A consultant once told me: “My services can be described as cheap, good and quick but you can only have two of the three at once.”
When it comes to milk, the choices are: cheap, good and ethical. Under the umbrella of “ethical” comes animal wellbeing, the environment and the welfare of farming families.
I don’t have any input on which pair wins out – you and the thousands of others who drink our milk or eat our cheese do. At the moment, with prices falling and consumers celebrating milk that’s cheaper than water, it seems “ethical” is the loser.
As someone who farms because she loves the land and her animals, this is very, very sad news. Currently, it is my family that is missing out rather than land or animal. Eventually though, we won’t be able to carry the burden and we will be the ones facing three choices:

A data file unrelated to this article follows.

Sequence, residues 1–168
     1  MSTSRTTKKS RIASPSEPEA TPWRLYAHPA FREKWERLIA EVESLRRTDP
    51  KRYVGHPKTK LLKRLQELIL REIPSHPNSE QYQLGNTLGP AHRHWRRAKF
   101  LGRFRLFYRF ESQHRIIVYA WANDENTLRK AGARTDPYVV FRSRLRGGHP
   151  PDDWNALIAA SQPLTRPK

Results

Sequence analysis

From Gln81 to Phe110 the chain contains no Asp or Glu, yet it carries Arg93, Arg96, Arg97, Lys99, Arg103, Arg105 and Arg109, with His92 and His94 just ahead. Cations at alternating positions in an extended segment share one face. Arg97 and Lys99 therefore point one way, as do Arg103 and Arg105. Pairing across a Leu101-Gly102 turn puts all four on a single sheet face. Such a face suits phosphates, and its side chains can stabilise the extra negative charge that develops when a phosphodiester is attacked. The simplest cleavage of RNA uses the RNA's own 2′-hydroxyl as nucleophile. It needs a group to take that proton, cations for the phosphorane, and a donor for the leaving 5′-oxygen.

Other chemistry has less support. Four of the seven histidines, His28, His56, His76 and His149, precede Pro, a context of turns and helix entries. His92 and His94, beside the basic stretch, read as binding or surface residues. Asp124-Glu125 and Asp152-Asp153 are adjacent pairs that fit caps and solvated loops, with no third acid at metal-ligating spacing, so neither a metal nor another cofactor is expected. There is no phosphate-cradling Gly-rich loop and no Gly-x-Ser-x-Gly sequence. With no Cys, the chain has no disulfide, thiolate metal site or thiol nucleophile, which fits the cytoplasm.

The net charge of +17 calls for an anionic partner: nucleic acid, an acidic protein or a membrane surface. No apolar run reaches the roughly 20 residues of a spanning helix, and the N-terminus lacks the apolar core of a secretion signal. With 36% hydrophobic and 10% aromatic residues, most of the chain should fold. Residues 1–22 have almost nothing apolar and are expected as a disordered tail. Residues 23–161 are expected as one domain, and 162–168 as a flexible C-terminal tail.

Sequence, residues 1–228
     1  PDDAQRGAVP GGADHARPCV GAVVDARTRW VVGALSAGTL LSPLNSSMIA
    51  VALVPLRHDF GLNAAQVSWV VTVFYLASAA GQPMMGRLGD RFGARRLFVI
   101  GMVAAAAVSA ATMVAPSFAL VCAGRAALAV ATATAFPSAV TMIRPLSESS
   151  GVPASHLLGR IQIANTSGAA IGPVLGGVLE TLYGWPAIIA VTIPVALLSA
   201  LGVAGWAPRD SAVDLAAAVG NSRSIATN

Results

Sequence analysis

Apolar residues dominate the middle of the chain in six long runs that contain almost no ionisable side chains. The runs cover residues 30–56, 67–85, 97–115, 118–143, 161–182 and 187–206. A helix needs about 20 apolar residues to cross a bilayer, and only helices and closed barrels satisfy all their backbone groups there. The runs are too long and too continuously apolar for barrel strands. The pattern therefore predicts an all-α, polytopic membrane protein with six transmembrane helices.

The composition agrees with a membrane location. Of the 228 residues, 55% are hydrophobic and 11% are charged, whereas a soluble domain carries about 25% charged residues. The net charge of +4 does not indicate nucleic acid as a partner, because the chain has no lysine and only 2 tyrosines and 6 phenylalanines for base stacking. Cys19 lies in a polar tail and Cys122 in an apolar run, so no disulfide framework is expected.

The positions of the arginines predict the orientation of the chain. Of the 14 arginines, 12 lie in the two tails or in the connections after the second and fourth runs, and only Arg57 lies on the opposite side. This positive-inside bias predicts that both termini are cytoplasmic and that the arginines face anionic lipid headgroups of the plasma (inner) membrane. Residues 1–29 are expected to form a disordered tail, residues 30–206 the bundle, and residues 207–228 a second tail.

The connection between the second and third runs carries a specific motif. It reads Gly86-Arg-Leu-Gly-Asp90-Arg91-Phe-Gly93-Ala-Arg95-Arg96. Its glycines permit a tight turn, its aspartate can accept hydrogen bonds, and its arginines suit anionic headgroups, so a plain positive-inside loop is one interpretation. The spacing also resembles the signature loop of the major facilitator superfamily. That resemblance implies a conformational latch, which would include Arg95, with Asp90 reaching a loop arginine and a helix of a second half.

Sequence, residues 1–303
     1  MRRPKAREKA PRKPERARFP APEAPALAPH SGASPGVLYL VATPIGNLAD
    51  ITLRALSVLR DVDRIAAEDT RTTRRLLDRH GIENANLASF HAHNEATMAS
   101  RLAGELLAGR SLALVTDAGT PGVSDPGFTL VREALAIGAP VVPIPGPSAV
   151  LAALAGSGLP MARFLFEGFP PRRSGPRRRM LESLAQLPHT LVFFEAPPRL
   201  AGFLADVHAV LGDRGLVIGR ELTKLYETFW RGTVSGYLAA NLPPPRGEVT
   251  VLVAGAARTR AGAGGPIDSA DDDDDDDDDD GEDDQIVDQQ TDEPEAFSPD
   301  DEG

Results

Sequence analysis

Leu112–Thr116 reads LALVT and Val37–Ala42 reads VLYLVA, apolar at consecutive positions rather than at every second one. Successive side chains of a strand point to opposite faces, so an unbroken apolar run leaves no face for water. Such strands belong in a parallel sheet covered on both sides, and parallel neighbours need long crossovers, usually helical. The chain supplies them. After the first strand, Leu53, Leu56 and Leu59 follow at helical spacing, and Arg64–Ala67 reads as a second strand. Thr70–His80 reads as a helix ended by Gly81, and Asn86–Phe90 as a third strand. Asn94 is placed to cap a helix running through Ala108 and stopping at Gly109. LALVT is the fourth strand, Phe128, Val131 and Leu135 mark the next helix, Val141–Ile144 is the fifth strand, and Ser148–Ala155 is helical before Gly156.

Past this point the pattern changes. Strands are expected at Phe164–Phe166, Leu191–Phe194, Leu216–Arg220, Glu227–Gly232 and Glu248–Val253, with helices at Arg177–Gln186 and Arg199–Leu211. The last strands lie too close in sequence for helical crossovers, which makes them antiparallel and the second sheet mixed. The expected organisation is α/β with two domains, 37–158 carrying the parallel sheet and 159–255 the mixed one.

1. Find a way to fund niche value adding for ethical products;
2. Industrialise our farming practices and see a fall in animal wellbeing and environmental outcomes; or
3. Leave farming.
Only time will tell.
With this in mind, it was interesting to read this comment in response to Lynne Strong’s point that consumers have a role to play in animal welfare standards following a story on The Conversation:
“Is it the case that, in buying a $5.00, 2L carton of milk in Australia, I can be assured that the product was sourced more ethically than the $2 Coles brand?”
Of course not but you can be sure that by purchasing unsustainably priced milk, you will be putting pressure on ethical standards right across the country.